Causes of Measles

Measles is caused by a virus and spreads when others touch or breathe in air particles coming from an infected person when the sufferer coughs or sneezes. It can also be transmitted when individuals share foods and drinks and the other one is sick with measles. Typically, the virus is highly contagious from four days prior to the rash appearing on skin until four days after the rashes have disappeared. Because rashes appear when the individual has already caught the virus, most often, they unknowingly spread the virus to people they get in contact with. Those who were born before 1957 have had it, which makes them immune to the measles virus now.

Signs and Symptoms

Measles usually develop after being in contact with a carrier within 10-12 days of exposure. It begins with a bad case of colds or cough accompanied by high fever, sore throat, runny nose, and sneezing. The lymph nodes in the neck may also enlarge and a general feeling of weariness and exhaustion may be felt. In some patients, diarrheal episodes are also evident. After a few days, these symptoms disappear and are replaced with rashes or bumps on the face and the neck areas until small, red, itchy dots appear all over the body. For some, red, sore eyes also manifest including red spots inside the mouth. Incubation period can be between 7-18 days after being around someone with measles (Kutty, Rota, Bellini, Redd, Barskey, Wallace, 2014).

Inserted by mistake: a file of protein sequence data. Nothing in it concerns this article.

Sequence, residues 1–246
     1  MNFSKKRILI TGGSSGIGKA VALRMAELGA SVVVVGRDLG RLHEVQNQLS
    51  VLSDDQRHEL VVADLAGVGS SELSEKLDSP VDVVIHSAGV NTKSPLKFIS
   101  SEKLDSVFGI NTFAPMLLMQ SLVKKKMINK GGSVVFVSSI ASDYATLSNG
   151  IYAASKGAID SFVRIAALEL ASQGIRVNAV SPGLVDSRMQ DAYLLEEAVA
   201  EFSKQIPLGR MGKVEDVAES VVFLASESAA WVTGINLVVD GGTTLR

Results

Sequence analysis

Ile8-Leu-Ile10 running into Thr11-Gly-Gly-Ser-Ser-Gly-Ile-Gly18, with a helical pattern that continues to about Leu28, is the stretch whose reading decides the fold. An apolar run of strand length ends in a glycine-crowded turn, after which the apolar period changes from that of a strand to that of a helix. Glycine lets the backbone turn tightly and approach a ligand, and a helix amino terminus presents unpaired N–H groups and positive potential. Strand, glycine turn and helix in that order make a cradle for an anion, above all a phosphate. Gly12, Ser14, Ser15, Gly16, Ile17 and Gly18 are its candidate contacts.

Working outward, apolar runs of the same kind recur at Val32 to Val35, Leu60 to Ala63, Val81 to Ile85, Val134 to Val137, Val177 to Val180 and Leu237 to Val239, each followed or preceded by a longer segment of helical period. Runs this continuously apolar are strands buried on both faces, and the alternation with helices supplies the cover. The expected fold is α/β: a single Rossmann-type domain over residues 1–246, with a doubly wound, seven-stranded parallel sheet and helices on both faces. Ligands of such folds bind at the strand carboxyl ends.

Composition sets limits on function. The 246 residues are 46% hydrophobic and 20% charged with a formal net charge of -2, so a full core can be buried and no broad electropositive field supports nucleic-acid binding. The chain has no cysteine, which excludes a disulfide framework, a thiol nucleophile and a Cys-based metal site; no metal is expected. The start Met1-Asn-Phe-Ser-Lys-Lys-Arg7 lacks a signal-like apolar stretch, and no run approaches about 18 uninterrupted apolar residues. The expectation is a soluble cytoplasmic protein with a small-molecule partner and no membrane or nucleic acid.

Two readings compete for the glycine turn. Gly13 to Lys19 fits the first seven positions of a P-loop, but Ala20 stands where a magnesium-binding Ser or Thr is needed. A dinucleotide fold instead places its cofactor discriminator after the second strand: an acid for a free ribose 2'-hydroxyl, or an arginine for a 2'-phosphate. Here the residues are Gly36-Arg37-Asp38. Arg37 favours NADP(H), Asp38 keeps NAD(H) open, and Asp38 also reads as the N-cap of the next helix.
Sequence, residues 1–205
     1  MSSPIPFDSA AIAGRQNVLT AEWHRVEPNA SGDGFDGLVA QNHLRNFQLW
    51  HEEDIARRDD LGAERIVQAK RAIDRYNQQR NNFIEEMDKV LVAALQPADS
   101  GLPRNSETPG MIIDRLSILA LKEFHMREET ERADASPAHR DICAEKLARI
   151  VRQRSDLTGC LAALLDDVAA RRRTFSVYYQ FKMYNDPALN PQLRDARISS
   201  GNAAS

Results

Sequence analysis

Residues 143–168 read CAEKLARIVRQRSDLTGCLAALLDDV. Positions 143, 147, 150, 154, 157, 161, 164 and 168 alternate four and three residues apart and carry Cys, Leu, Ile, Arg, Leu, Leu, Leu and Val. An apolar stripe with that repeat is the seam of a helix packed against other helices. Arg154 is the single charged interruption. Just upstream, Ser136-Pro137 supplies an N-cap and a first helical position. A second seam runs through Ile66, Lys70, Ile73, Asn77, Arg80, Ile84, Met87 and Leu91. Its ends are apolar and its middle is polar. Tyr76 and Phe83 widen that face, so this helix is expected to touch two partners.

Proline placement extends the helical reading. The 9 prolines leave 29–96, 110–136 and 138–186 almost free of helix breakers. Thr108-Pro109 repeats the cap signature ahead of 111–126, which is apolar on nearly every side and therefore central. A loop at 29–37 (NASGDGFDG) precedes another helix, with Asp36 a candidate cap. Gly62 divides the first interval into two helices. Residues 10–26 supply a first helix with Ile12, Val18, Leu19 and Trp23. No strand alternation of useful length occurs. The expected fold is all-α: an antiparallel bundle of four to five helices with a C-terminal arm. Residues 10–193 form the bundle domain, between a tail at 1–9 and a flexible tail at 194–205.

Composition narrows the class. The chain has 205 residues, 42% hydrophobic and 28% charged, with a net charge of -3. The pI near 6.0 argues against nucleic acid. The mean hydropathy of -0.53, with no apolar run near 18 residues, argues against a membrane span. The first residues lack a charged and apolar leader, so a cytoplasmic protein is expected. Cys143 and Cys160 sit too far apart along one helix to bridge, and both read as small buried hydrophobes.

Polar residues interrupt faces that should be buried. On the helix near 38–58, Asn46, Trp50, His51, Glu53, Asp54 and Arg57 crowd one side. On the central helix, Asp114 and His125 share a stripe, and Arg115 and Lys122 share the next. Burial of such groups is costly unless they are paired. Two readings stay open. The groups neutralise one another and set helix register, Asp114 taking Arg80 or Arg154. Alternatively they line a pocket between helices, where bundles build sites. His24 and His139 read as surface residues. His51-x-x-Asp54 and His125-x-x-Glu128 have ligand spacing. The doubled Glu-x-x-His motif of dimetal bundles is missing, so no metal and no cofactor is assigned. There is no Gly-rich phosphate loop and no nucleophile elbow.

Measles-related deaths are possible and may be caused by complications brought about by the disease. Those at risk of suffering from complications are those belonging to the 5 and under age group and adults who are over 20 years old. Complications include ear infections, diarrhea, blindness, pneumonia, and encephalitis. Additionally, persons who are undernourished and whose body resistance is low due to the presence of other diseases, including HIV/AIDS and those suffering from vitamin A deficiency, may also experience severe cases of measles.
In areas where there is widespread malnutrition and insufficient health care, up to 10% of measles cases result to death. Likewise, pregnant women are highly at risk, which result to hearing loss in baby, miscarriage, or preterm delivery.

Prevalence and Incidence

In the United States, measles is slowly making a comeback when in fact, the country has declared itself clear of the disease since 2000. The U.S. Centers for Disease Control and Prevention (CDC) continues to push people to have them vaccinated since measles appears to be making an unwelcome comeback. The first quarter of 2015 marks the second-worst measles outbreak in the country with over a hundred documented cases in various states, including the state of Michigan. It is a reminder that vaccinations are not just for kids but for adults as well, especially now that measles is becoming rampant once again (Durrheim & Dahl-Regis, 2013, p. 183). In Michigan, there is only one confirmed documented case of an adult suffering from measles. Based on reports, the individual has already fully recovered and there is no proof yet that the issue can be tied up to the outbreak that occurred in California (Stateside Staff).